In the fifth and final installment of our Frank and Al miniseries, Terry Golway explores how the political ambitions between FDR and Al Smith were set aside during WWII, with the country united behind a common cause.
Word was flashed to Roosevelt in Quebec, where he was meeting with Winston Churchill, that Smith was not well. A bouquet of roses from Franklin and Eleanor arrived in Smith’s hospital room just after he died, in October, at the age of 70.
But now, Roosevelt said, the nation was united in a common cause.
In one of his final campaign stops in the fall of 1944, Roosevelt paid tribute to his old friend during a speech in Boston. He reminded his audience that he had spoken on Smith’s behalf in their city during the 1928 presidential campaign, when Smith was subjected to anti-Catholic bigotry around the country.
But now, Roosevelt said, the nation was united in a common cause. “And it’s our duty … to make sure that, big as this country is, there is no room in it for racial or religious intolerance. And there is no room for snobbery.”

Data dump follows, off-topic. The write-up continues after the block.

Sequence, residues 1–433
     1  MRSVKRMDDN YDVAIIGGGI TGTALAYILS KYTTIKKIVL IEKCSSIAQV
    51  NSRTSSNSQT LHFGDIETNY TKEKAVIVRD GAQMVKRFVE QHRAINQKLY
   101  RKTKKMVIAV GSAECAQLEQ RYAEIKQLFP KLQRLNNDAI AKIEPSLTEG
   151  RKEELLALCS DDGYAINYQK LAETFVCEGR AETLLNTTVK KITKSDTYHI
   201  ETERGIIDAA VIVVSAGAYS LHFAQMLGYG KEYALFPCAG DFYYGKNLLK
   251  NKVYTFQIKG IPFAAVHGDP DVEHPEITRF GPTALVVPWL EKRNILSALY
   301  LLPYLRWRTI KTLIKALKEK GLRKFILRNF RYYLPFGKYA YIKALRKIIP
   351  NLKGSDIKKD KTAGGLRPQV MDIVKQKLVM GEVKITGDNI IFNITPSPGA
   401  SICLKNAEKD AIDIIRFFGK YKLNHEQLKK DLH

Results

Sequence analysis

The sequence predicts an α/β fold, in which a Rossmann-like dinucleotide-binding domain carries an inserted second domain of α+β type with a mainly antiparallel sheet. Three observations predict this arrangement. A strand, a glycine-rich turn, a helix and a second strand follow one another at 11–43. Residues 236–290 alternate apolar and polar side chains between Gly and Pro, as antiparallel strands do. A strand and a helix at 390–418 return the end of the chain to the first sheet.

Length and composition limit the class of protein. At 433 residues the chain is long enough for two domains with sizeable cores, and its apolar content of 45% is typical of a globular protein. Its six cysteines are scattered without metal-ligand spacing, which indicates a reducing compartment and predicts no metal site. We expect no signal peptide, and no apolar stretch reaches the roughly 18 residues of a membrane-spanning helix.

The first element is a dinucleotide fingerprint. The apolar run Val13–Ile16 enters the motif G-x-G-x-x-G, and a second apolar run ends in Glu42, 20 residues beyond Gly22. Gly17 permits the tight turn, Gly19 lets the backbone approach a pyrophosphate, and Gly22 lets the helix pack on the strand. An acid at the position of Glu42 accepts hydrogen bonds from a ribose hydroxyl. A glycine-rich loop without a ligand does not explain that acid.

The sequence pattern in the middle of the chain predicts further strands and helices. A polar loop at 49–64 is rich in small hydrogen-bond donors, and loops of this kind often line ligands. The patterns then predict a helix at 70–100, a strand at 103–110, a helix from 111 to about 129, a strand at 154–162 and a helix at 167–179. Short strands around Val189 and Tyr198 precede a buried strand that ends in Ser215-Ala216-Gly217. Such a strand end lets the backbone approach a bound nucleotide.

Franklin Roosevelt and Al Smith were on the same side of that battle, and they fought it together during the tumultuous atmosphere in the 1920s. Their unlikely alliance helped to reshape not only the Democratic Party, but the nation itself.
All these years later, Franklin Roosevelt and Al Smith would recognize the issues and debates of the 21st century.
And it seems safe to say that they once again would be on the same side
Photo from Franklin D. Roosevelt Presidential Library and Museum. Caption: Franklin Roosevelt signs the Social Security Act in 1935 in the company of two old friends from his Albany days, Senator Robert Wagner, left, and Secretary of Labor Frances Perkins, center. Meanwhile, another member of the old Albany crowd, Al Smith, was attacking the New Deal.